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Don founded Kamakura Corporation in April 1990 and currently serves as its chairman and chief executive officer where he focuses on enterprise wide risk management and modern credit risk technology. His primary financial consulting and research interests involve the practical application of leading edge financial theory to solve critical financial risk management problems. Don was elected to the 50 member RISK Magazine Hall of Fame in 2002 for his work at Kamakura. Read More

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Oct 20

Written by: Donald van Deventer
10/20/2014 7:03 PM 

Last Friday, the Federal Reserve decried banks’ reliance on poor risk models as one of the major problems that has been exposed by the stress testing process under the Fed’s Comprehensive Capital Analysis and Review programs. The Fed’s comments were contained in the final rules for CCAR stress testing in 2015 and beyond in a document released Friday, October 17, 2014.

The Federal Reserve documents released on Friday include the Comprehensive Capital Analysis and Review 2015 Summary Instructions and Guidance and Amendments to the Capital Plan and Stress Test Rules.

While the Fed’s announcements are critical to large bank holding companies like Bank of America (BAC), Citigroup (C), JPMorgan Chase & Co. (JPM), and Wells Fargo & Co. (WFC), the accuracy of bank risk models and the need for model validation is world-wide, consistent with the stress testing regimes of the European Central Bank and the United Kingdom. There is a similar need for high quality model validation for value at risk and credit-adjusted value at risk. The same principles apply to all three calculation types. The purpose of this note is outline the kind of modeling assumptions that constitute best practice. In the course of that exercise, we will also identify common errors in modeling assumptions that should render a stress-testing calculation unacceptable.

An Overview of the Key Modeling Issues
Why have major regulators set forth stress tests that are a function of a small number of scenarios instead of a best practice Monte Carlo simulation from which the full probability distribution of outcomes can be drawn? Even though the capability for a full Monte Carlo simulation has been available for more than two decades via systems like Kamakura Risk Manager, one guesses that regulators feared that many banks and, perhaps, the regulators themselves did not have the systems capability to undertake a Monte Carlo simulation. Unfortunately, the only way to assure that the models used to do 3 scenario stress tests at 13 points in time, like the Fed’s CCAR regime requires, is to do a Monte Carlo simulation.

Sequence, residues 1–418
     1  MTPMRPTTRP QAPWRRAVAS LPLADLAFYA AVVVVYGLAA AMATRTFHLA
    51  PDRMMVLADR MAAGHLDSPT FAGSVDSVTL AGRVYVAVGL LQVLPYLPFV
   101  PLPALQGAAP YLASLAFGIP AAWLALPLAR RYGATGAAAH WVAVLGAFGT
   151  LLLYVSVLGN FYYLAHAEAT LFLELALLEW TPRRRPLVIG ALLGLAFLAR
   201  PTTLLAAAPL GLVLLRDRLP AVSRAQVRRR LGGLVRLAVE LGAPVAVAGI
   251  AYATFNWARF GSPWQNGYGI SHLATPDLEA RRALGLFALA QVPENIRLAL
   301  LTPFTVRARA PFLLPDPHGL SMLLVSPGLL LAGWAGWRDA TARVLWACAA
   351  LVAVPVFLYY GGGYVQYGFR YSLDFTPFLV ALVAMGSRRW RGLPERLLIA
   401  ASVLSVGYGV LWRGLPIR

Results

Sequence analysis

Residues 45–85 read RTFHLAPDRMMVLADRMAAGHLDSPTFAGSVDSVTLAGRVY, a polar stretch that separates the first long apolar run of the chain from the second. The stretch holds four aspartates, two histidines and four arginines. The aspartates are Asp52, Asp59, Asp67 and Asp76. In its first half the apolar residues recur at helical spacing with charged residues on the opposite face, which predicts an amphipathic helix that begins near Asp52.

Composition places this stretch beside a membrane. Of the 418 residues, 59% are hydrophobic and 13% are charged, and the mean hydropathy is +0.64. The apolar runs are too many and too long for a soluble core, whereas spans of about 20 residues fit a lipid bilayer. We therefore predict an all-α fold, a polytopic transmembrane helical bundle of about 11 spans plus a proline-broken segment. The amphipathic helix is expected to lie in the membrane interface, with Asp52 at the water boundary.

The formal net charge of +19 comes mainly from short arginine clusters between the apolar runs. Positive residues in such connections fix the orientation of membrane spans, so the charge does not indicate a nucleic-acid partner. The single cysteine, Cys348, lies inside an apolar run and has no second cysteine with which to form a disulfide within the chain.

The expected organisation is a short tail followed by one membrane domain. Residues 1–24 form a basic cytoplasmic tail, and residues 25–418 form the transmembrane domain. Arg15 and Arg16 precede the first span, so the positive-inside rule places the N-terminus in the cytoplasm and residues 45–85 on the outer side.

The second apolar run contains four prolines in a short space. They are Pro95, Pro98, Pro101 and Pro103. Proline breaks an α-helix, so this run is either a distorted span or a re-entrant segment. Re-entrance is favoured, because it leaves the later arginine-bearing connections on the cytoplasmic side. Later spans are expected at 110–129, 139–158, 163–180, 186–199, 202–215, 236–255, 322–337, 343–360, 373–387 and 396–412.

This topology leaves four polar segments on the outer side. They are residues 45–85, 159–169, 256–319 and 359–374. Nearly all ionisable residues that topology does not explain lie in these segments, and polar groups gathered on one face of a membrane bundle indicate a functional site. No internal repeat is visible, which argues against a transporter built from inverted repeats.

We illustrate the reasons with a simple example. Consider a mortgage-backed security held by the bank with a time zero observable market value of 101. The bank calculates stress test values of 100, 97 and 95, and submits value changes of -1, -4, and -6 for the three scenarios. What is wrong with this? Perhaps nothing, but the best way to determine whether the submissions for this single asset are accurate or not is to do a Monte Carlo simulation of the value of the mortgage backed-security at time zero. If one does that and finds that the simulated time zero value is 99, the fundamental assumptions behind the model are invalid and the stress test submissions are wrong. If the model is wrong by 2 in all three scenarios, then the proper stress test submissions were 1, -2, and -4. This form of model validation is extremely simple to do, and yet we find that very few efforts at model validation include this fundamental credibility check.

In more formal academic terms, this is a check of the “no arbitrage” properties of the model. Please keep in mind that some Monte Carlo simulation exercises can be done so that sampling error is literally zero (an important feature of the Heath Jarrow and Morton interest rate modeling approach, as summarized in Jarrow’s Modeling Fixed Income Securities and Interest Rate Derivatives and Advanced Financial Risk Management ). More typically, there will be sampling error in a Monte Carlo simulation and a model error is defined as a simulated price that is outside of a two or three sigma range given the number of simulations done.
We now turn to a series of tests that can detect common errors in model assumptions and simulations with a minimum of incremental effort.

An Overview of the Model Validation Regime
As noted by Prof. Robert Jarrow in a recent article, there are no perfect models. The question for model validation is two-fold: is the model “good enough” to provide value, and is there an alternative modeling approach that is better?

There are four steps in the model validation process:

  1. A check of the accuracy of the assumptions of the model. Since there are no perfect models, we do not insist on perfection. Nonetheless, we have no tolerance for fatal inaccuracy either.
  2. A check of the implications of the model given its assumptions.
  3. A check of econometric procedures used to parameterize the model